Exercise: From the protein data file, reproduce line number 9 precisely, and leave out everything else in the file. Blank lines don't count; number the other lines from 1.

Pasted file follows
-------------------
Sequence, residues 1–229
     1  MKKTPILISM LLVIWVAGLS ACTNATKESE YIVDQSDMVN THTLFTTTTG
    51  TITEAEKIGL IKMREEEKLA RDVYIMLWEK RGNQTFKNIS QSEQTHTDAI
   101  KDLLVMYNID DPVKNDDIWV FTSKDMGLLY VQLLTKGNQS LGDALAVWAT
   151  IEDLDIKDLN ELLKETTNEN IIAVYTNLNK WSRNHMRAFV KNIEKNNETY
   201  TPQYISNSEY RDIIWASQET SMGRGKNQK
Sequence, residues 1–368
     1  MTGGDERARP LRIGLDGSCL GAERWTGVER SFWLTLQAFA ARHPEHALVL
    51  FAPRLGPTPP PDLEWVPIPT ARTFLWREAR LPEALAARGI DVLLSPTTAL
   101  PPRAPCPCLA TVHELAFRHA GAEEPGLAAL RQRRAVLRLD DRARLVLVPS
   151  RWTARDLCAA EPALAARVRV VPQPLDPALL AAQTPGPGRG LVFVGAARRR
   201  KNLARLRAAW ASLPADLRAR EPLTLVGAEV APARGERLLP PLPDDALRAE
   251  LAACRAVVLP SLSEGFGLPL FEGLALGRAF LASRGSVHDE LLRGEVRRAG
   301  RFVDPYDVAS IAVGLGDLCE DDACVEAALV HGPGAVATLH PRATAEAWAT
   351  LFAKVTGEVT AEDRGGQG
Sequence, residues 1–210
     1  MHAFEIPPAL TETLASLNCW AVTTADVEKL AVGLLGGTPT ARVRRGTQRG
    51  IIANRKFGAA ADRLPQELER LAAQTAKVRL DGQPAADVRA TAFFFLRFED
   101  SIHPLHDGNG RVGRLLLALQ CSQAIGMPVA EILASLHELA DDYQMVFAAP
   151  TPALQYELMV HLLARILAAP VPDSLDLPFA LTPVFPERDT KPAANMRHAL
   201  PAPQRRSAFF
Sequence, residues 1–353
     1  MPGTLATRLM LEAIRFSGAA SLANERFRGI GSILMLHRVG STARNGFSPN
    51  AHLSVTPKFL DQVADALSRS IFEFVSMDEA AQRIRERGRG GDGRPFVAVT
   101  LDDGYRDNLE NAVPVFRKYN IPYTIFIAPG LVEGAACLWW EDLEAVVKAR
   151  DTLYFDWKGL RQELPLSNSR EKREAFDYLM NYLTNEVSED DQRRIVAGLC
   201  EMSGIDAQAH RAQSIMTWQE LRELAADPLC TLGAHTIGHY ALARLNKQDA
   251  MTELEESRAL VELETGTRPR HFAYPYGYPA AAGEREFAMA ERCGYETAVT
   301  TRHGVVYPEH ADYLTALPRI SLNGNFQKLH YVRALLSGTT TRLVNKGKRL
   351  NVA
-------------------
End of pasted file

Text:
    51  FAPRLGPTPP PDLEWVPIPT ARTFLWREAR LPEALAARGI DVLLSPTTAL